Friday, July 11, 2008

Everybody Loves Adam

Sometimes crazy things happen. Crazy like a team that didn't ever come back to win after the 7th inning doing it twice in the same series, crazy like young Adam Lind stroking the game winning hit off a southpaw closer who'd limited left-handed hitters to a disheartening .163/.269/.256 line this year. Like most of you, we're watching through thick and thin and will take exciting baseball whenever we can get it.

The blogosphere is full of all sorts. I had noted previously that young Adam had garnered some attention from a talented gay photographer (whose work I punked a few times for posts), but it has come to my attention that he has fans from the other side of the coin, such as Christian Mike who claims to be one of Lind's high-school classmates. A particularly heartwarming passage written back in May:

I followed his progress from high school until now and I must admit that as proud I am about his success on the field, I'm even more proud of the person he is off the field. I always remember him as a fun guy to be around. I remember he wasn't the smartest in math and he'd ask me for help - I remember thinking about having him sign my math homework or something because I knew one day he'd be a star. While he hasn't entirely broken through and become a star at the highest level yet, his time will come. He may be headed back to AAA soon, but he will be back.

Might I suggest the 2009 Jays go with the slogan "Adam Lind: something for everyone!"

I'm in a plagarizing mood, so I thought I'd rip off some material from Batter's Box pertinent to the coming AJ Burnett trade (to the Phillies). Tony Lacava has been dispatched to scout the Phillies AA affiliate for young talent as you probably know already and roughly 4-5 names have been mentioned as Jays trade targets. Phuture Phillies gives us a snapshot of each (with their prospect ranking in the Phi system):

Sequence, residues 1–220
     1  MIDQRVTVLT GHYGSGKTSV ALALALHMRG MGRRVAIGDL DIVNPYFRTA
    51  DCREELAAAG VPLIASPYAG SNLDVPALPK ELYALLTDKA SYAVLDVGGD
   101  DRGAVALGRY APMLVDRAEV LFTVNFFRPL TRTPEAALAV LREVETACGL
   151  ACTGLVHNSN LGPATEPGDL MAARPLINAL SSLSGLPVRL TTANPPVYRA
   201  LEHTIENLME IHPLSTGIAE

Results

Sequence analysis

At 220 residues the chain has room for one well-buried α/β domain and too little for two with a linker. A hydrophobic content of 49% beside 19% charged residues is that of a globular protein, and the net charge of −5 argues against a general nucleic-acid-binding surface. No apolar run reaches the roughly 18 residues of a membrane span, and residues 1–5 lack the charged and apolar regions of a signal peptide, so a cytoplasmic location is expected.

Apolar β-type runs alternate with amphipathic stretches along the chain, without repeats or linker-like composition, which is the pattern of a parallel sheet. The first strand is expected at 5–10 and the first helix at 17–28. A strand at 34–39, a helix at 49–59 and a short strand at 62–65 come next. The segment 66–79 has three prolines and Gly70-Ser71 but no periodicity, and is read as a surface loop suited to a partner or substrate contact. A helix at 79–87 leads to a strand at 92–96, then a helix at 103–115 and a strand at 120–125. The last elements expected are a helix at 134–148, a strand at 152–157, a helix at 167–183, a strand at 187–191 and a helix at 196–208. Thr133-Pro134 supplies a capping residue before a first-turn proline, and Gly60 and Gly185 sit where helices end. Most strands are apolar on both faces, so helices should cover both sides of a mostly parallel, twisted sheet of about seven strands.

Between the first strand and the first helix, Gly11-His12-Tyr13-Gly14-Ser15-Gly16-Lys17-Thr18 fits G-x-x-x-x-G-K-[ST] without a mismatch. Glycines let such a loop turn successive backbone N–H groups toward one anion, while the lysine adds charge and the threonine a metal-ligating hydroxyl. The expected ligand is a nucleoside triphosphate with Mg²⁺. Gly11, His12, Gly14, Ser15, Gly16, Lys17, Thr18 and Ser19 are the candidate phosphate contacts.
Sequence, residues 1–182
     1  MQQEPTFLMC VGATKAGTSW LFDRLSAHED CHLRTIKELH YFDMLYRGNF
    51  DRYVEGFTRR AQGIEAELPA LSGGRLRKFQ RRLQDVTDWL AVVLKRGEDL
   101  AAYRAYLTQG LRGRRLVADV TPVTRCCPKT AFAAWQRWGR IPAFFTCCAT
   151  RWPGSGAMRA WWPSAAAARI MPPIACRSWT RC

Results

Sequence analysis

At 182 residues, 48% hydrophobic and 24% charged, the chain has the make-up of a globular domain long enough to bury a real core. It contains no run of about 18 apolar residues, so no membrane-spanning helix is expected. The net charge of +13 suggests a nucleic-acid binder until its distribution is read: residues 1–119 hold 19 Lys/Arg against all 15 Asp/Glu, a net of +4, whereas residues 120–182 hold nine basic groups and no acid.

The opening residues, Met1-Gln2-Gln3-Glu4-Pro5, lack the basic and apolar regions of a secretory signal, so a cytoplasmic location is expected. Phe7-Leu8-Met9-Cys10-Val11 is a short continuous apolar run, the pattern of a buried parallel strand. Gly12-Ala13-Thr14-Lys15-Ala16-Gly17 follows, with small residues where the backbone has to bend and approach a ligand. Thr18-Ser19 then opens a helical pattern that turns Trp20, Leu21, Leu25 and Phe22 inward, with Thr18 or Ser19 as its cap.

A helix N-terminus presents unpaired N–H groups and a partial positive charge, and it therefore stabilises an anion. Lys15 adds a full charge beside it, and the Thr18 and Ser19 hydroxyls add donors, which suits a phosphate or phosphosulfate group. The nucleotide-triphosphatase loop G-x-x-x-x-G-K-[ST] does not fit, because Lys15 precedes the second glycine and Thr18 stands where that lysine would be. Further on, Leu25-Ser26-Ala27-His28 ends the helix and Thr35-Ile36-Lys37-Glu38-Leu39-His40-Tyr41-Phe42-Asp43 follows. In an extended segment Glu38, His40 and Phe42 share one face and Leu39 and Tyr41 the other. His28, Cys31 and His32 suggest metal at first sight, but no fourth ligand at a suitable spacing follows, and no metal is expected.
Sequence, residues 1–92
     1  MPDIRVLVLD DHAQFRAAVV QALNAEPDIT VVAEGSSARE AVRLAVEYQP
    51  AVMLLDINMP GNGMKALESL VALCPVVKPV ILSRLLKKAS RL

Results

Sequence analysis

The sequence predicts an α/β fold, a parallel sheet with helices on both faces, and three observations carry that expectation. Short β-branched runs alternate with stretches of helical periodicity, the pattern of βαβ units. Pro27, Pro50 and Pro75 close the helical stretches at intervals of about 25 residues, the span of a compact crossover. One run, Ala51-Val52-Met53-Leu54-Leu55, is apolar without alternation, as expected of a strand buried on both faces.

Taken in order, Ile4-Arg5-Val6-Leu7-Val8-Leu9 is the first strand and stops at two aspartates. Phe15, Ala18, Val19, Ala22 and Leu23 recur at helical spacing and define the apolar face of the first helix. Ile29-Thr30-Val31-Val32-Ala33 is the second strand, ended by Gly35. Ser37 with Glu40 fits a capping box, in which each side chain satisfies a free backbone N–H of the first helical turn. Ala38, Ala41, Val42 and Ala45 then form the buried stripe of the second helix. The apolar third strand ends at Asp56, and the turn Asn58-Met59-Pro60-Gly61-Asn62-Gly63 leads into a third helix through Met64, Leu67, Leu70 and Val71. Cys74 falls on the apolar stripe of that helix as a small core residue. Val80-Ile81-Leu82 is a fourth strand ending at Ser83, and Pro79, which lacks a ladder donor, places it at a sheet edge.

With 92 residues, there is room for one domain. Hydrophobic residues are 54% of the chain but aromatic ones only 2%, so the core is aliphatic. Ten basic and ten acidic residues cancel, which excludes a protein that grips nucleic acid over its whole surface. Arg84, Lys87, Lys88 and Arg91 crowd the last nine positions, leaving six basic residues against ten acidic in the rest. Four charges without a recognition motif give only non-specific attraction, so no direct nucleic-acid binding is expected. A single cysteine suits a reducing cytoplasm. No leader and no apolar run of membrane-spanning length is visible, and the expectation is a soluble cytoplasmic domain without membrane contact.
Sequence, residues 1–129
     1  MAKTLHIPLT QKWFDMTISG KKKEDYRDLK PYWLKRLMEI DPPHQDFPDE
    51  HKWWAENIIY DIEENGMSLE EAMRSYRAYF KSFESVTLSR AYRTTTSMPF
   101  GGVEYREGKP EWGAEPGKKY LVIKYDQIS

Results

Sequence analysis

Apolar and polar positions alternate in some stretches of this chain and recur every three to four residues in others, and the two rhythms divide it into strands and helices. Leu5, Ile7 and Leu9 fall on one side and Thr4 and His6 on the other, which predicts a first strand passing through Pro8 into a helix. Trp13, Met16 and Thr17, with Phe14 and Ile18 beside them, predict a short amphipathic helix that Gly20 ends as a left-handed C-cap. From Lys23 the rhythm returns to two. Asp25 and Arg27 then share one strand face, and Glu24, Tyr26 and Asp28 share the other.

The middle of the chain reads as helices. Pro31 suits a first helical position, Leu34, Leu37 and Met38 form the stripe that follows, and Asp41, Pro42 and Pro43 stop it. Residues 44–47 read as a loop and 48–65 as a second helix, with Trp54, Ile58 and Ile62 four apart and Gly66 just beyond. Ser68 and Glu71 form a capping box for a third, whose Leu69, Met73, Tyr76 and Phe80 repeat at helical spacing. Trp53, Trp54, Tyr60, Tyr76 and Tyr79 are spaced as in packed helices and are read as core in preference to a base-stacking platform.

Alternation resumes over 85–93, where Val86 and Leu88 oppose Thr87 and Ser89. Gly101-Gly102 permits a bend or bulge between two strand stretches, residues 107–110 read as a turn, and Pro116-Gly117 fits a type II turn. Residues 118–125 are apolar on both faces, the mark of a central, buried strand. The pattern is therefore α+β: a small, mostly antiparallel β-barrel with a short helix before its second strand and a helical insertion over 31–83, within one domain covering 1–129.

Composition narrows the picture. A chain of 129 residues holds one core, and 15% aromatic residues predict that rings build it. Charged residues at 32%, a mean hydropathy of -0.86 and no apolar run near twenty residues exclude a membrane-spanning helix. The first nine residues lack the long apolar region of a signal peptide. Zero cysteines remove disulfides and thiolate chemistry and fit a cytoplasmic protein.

01. Adrian Cardenas, 2B (A+; .316/.390/.486)

Cardenas followed up a nice 2007 at Low A by raking from day 1 at Clearwater. He’s hitting for average and also for emerging power this season. Last year his XBH % was 27.9%, this year he’s at 32%, showing continued improvement. He could draw a few more walks, but he’s not striking out a ton, and he clearly can make consistent contact. His power numbers were helped by a May spike where he 10 extra base hits out of his 21 total hits, including 4 HR. While he’s not consistently showing the power yet, glimpses like his May run show what he’s capable of doing. He also has 4 triples and is a perfect 8 for 8 in stolen bases. He’s not a burner and likely won’t steal more than 5-6 bags a year in the majors, but it seems like he has solid base running instincts. His defensive position is the only thing left to figure out, the rest should just be a natural progression. Stock remains the same, maybe even up a bit.

02. Carlos Carrasco, RHP (2A; 88.0 IP, 3.78 ERA)